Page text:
Thomas H. Lee Partners was founded in 1974 by the late Thomas H. Lee, one of the early pioneers in private equity. Lee (who took his own life earlier this year) left THL many years ago to launch his second private equity firm, Lee Equity Partners. THL holds to the founder’s strategy of bringing deep focus to what the firm calls “Identified Sector Opportunities,” or ISOs, within high growth, vertically integrating industries.

The ISO around wealth management started in 2016 when THL hired Gurinder Ahluwalia, the former president and CEO of AssetMark and co-founder of 280 CapMarkets, as an executive partner. The private equity firm landscaped the entire market of the large platform RIAs; at that time, there were only a handful to choose from, unlike today, when there are more than a dozen platforms backed by private equity investors.

At the time, one of the few scaled RIA platforms was Hightower, and in 2018, THL acquired a “significant” stake in the Chicago-based firm.

“Unlike probably the other private equity-backed players, they had a more unified approach and consolidated approach; it’s not just buying (a firm) and leaving everyone alone,” said Ganesh Rao, managing director at THL and head of its financial technology and services investment team.

But there was work to be done. Hightower was founded as a wirehouse-type partnership model but had grown the business quickly, with some of the earlier partners feeling the strain. There grew to be a lack of trust between many of the advisors on the platform and the management team.

“We knew it wasn’t a perfect company, and we’d need to use our investment as a catalyst to really optimize the business. We became very involved,” Rao said.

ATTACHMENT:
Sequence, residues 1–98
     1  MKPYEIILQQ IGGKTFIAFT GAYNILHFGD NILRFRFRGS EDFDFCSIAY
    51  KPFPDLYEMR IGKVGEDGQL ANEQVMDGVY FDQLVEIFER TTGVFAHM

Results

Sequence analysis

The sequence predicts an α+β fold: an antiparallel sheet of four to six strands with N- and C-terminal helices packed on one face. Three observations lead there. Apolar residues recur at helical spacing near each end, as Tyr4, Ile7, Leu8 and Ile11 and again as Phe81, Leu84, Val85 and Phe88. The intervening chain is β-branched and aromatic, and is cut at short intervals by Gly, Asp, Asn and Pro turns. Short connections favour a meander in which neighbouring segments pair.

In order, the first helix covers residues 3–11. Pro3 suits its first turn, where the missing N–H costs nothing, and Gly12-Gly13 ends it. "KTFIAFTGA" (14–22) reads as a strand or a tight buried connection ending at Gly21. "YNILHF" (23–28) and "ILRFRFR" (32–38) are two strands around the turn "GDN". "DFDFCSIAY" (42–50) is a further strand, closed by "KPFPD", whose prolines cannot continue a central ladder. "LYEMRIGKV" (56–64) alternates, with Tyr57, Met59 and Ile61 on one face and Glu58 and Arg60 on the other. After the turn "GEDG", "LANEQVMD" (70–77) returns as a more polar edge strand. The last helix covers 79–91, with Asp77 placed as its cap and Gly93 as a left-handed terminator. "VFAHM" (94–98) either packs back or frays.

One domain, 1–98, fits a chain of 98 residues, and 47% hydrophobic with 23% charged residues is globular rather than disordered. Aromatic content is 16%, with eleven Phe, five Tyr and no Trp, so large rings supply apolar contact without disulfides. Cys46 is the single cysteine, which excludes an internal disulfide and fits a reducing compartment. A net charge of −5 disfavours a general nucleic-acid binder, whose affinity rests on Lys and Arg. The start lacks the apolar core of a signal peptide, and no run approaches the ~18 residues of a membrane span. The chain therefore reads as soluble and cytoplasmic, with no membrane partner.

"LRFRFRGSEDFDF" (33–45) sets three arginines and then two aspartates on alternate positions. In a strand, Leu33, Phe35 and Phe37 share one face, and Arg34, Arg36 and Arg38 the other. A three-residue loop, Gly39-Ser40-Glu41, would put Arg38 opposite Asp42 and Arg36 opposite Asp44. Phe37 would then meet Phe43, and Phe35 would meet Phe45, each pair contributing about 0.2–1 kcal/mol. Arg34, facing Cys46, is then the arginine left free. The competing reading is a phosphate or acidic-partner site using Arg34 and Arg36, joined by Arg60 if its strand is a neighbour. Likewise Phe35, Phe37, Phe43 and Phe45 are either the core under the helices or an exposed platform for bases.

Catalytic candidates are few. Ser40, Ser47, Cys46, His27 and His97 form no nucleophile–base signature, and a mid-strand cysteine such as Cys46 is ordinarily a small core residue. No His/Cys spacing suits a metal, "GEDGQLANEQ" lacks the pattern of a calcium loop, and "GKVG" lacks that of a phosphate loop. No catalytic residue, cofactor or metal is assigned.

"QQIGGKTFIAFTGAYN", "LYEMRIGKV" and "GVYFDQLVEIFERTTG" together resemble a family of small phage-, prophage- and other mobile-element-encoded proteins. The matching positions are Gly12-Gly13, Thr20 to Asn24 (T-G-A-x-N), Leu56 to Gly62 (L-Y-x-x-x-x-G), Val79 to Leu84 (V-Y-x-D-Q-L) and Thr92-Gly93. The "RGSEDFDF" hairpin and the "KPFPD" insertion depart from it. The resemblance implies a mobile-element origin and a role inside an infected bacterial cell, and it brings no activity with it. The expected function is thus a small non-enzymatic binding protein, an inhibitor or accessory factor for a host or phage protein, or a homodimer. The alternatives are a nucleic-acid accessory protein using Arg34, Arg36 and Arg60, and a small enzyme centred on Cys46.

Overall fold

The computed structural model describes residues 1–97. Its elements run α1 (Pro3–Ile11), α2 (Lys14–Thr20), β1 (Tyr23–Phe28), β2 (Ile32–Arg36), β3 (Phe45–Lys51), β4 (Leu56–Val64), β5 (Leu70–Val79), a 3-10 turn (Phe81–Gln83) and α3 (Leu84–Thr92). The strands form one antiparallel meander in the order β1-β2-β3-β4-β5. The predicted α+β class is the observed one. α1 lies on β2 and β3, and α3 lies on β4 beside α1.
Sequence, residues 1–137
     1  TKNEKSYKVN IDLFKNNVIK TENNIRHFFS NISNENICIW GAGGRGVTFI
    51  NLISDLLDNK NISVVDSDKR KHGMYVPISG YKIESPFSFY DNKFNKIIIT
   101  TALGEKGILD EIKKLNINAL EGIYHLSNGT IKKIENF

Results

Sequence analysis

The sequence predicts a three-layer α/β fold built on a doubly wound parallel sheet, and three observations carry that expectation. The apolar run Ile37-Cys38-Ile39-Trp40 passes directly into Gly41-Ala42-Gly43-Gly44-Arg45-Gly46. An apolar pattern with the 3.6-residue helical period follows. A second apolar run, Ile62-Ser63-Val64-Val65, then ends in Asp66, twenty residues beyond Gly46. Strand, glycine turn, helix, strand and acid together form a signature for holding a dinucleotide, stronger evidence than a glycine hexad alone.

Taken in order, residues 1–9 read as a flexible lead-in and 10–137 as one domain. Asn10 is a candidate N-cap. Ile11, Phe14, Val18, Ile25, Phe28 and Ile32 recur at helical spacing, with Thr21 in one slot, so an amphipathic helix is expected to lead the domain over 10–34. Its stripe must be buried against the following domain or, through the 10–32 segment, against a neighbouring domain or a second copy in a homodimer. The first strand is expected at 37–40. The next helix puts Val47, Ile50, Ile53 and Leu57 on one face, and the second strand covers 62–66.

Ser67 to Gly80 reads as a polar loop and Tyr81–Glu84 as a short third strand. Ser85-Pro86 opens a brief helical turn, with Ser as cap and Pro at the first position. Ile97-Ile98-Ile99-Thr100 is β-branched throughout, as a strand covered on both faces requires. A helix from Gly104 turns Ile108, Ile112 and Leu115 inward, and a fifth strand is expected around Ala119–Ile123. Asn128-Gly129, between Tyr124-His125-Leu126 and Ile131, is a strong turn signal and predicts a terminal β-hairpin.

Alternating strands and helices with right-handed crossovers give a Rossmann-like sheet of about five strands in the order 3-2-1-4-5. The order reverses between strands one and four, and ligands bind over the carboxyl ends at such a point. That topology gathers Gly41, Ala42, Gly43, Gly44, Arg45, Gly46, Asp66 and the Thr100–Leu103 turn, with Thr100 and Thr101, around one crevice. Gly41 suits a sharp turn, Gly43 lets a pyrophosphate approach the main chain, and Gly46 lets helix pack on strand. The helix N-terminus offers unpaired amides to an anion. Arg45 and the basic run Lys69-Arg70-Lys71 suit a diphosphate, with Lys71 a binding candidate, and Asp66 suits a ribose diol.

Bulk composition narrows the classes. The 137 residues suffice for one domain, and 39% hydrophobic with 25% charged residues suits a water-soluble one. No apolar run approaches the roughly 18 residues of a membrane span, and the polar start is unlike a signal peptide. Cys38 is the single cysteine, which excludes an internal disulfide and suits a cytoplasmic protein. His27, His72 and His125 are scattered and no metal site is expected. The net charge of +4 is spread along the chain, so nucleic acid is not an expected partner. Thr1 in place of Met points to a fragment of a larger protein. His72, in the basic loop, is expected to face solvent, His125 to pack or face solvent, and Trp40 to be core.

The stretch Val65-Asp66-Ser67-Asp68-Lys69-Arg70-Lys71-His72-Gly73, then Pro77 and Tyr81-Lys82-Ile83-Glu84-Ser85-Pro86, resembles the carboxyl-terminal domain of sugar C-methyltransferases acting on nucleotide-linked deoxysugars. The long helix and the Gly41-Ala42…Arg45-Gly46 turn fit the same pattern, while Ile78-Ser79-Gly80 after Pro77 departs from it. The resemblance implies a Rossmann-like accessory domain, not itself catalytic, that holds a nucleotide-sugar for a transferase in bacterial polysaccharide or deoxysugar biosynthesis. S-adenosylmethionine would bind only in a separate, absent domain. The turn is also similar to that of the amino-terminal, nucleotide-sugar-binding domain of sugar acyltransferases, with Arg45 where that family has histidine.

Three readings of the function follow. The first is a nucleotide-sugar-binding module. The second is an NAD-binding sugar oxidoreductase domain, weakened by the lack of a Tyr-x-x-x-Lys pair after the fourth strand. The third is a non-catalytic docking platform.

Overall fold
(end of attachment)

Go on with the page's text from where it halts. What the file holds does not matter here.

To re-establish trust with Hightower’s advisors, THL successfully negotiated transactions with each of the firm’s advisors to make them fully affiliated with Hightower. When THL closed on their investment in early 2018, Hightower owned 23% of the revenue of the advisors on the platform; today, it owns 98% of the revenue of its advisory businesses.

While a hands-on approach to the day-to-day business may be unusual for some private equity firms, THL knew it would need to be active to gain the credibility and trust of the advisors.

“We don’t think of ourselves as just deployers of capital,” Rao said. “We’re very active partners and helpful members of a company, not just people that go to board meetings and ask questions.”

The next step in THL’s strategy was to shift away from Hightower’s “rental” model of providing back-office services for a fee, to acquiring advisory practices themselves. In April 2018, with THL’s help, Hightower acquired Houston-based Salient Private Client, the wealth management business of Salient Partners, in its largest single RIA office acquisition.

THL also brought in tenured wealth management executive Bob Oros to succeed Elliot Weissbluth as CEO; since then, Oros has led what he calls a “strategic shift,” building out and unifying Hightower’s management team, the firm’s infrastructure, and its acquisition strategy. Since THL’s investment, Hightower’s EBITDA has grown from about $30 million to $300 million.

While Hightower has been a big focus, Rao says THL is open to making other investments in the wealth management space, including independent broker/dealers or RIAs. The firm targets companies with between $300 million and $5 billion of enterprise value, and it averages a five-year time horizon on its investments.

THL would also like to make an investment in the wealthtech space, and the firm is spending a lot of time looking at opportunities, Rao says. There are not many tech companies for advisors that have the scale and trajectory that fit THL’s ideal investment profile, he says—though the search will continue.


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